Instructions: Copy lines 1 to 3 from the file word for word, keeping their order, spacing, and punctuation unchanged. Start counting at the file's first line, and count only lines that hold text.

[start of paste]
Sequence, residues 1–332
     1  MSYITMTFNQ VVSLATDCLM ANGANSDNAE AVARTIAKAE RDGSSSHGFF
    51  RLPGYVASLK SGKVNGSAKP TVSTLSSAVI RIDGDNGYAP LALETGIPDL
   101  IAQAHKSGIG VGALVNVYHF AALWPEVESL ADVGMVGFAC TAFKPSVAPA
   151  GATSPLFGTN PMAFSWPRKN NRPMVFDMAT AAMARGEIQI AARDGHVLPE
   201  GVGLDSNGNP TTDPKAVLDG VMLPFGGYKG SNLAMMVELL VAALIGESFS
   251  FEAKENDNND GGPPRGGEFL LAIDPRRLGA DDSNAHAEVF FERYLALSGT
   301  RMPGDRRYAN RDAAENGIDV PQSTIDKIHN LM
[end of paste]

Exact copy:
Sequence, residues 1–332
     1  MSYITMTFNQ VVSLATDCLM ANGANSDNAE AVARTIAKAE RDGSSSHGFF
    51  RLPGYVASLK SGKVNGSAKP TVSTLSSAVI RIDGDNGYAP LALETGIPDL